pruneface wrote: At the same time, I hate being put in situations where I have no control over the game - for example, credit denial as a corp, or being locked out as runner. So, with that in mind, I tend to iterate towards something that has the highest % chance of me feeling happy after I played a competetive match with someone, and hope that leads me towards building competetive decks.


Having been on the end of much syphon spam, it never pleases me to do it to others. However, sometimes it's the most valid tactic to help me win the game. Having been headlocked last weekend, it's very frustrating, but completely legitimate. As always, learning how to manage/play around it is interesting...
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Re: The Road to Nationals 2015

Postby Cerberus » Fri Jun 05, 2015 12:47 pm

Learning how to play against headlock / denial decks is really important currently. Playing Stu's Reina Headlock a few times over the last month or so has really helped. May build that deck just to educate (make cry) my meta mates.

However running an ITD deck is also upsetting people!
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Re: The Road to Nationals 2015

Postby MartinP » Fri Jun 05, 2015 12:57 pm

Cerberus wrote:Learning how to play against headlock / denial decks is really important currently. Playing Stu's Reina Headlock a few times over the last month or so has really helped. May build that deck just to educate (make cry) my meta mates.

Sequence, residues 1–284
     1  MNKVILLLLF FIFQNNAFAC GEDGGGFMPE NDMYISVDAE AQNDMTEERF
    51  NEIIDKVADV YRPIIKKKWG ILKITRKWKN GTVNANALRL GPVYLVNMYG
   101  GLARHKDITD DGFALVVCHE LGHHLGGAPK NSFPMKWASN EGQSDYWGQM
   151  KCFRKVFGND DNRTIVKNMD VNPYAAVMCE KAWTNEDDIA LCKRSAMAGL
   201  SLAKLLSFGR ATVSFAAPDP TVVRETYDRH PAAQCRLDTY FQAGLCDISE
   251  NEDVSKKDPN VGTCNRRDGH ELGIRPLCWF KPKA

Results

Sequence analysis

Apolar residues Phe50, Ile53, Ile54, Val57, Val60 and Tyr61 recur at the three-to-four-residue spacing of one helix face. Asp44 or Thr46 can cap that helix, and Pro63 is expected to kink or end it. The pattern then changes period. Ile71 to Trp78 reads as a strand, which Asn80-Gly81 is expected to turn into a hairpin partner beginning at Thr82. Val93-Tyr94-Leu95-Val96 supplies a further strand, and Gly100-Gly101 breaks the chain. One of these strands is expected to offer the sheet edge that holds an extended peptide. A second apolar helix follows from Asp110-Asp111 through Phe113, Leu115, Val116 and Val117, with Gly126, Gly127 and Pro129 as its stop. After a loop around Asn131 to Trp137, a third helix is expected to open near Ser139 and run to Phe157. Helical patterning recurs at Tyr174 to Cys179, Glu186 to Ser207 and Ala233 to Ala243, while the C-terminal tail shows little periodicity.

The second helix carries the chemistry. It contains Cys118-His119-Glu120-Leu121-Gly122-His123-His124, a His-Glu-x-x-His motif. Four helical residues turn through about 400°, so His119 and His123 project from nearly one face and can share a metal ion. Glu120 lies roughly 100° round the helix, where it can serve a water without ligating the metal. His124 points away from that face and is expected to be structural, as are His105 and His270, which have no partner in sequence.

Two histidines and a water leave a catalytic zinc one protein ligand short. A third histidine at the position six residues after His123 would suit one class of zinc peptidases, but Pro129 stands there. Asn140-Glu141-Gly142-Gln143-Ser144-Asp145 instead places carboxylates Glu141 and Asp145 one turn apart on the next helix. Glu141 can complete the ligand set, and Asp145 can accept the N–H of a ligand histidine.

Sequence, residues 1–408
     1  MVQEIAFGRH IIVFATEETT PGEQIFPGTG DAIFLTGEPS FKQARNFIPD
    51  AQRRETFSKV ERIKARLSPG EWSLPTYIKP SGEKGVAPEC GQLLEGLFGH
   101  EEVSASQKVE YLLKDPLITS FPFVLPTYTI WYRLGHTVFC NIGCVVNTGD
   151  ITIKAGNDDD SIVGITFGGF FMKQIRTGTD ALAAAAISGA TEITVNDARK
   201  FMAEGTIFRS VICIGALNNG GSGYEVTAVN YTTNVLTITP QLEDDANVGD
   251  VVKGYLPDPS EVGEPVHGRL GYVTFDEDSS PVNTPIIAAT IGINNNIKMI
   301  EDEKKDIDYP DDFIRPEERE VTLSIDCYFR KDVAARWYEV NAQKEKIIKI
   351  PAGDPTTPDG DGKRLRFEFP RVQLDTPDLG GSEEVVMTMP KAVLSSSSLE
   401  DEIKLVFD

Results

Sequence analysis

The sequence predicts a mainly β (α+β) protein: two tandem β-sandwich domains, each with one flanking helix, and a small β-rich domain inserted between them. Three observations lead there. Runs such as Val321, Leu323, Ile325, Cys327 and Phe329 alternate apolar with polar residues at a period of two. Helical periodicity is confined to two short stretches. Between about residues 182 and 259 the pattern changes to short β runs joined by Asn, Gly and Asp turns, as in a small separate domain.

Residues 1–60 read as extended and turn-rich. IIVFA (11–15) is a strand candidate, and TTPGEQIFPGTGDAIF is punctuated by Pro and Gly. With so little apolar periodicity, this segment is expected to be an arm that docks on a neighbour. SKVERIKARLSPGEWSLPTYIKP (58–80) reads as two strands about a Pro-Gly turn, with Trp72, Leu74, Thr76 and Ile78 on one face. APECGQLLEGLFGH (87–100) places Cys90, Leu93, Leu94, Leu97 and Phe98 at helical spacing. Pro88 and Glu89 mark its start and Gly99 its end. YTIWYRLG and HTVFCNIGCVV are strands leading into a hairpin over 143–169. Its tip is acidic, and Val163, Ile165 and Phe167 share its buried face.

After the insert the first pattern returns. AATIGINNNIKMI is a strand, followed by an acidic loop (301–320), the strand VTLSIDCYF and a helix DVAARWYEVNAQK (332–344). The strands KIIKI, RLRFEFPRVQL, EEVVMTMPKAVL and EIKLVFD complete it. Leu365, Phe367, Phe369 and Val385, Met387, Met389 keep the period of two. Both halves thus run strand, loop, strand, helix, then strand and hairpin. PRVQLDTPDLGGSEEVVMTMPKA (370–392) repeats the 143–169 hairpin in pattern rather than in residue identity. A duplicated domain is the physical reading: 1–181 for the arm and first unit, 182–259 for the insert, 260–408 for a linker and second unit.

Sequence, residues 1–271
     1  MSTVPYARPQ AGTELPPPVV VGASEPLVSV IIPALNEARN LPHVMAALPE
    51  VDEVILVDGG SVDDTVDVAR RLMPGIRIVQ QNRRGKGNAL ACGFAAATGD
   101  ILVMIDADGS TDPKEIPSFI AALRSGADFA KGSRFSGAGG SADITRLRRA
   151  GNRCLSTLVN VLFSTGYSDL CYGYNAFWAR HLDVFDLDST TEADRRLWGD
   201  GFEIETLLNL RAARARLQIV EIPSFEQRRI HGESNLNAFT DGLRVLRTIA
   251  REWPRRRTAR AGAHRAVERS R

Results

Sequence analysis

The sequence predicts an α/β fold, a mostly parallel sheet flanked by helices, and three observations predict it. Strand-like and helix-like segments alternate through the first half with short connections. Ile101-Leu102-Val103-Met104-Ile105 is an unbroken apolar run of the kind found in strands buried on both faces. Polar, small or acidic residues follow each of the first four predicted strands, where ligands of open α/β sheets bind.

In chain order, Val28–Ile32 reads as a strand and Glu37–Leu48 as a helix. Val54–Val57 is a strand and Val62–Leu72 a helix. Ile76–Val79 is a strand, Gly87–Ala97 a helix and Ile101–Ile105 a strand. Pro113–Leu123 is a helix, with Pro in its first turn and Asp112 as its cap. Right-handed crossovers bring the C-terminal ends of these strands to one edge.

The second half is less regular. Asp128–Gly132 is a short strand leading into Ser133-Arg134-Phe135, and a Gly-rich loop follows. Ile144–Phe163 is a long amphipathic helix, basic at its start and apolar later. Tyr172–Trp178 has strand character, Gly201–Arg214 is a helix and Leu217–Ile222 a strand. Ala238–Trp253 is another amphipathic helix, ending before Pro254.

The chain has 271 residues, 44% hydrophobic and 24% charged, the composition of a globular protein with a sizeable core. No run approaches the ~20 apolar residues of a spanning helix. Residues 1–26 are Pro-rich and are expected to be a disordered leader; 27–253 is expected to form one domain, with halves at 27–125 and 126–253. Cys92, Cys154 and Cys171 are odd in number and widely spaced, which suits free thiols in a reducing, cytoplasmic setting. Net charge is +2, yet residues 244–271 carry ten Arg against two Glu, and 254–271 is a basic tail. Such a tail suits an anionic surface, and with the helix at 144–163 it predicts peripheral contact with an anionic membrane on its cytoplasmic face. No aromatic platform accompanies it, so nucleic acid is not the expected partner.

However running an ITD deck is also upsetting people!


I think I speak for a lot of people that playing against a deck that doesn't allow you to play netrunner (ITD, Headlock) doesn't make for a fun game on the opposite side of the table. This didn't stop me looking to sleeve headlock reina up for deck testing prior to Nats however :P (It's only because I couldnt see how the economy of the deck works that I didn't). It's certainly a valid strategy and a very viable deck archtype, just none one that produces a fun game! (Imo)
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Re: The Road to Nationals 2015

Postby Brendan » Fri Jun 05, 2015 1:11 pm

I think I speak for a lot of people that playing against a deck that doesn't allow you to play netrunner (ITD, Headlock) doesn't make for a fun game on the opposite side of the table.


One could easily argue Astrobiotics, RP and even Kate are all decks that crucially deny or or minimise aspects of the game. ITD and Headlock are no different. The fact that Headlock has a bunch of hate cards (Wraparound, Himitsu Bako, drip economy, Crisium Grid to some extent) and ITD has setup issues means I think the only justifiable reason to dislike them is that they can drag on for quite a long time. If your deck just folds to them, that's no different to folding to Astrobiotics - it just takes longer. I think they're quite interesting to play against if you've a deck that includes the right cards.

Playing against a deck you have chance against isn't much fun though, I agree.
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Re: The Road to Nationals 2015

Postby GuyCliquil » Fri Jun 05, 2015 2:31 pm

Brendan wrote:
I think I speak for a lot of people that playing against a deck that doesn't allow you to play netrunner (ITD, Headlock) doesn't make for a fun game on the opposite side of the table.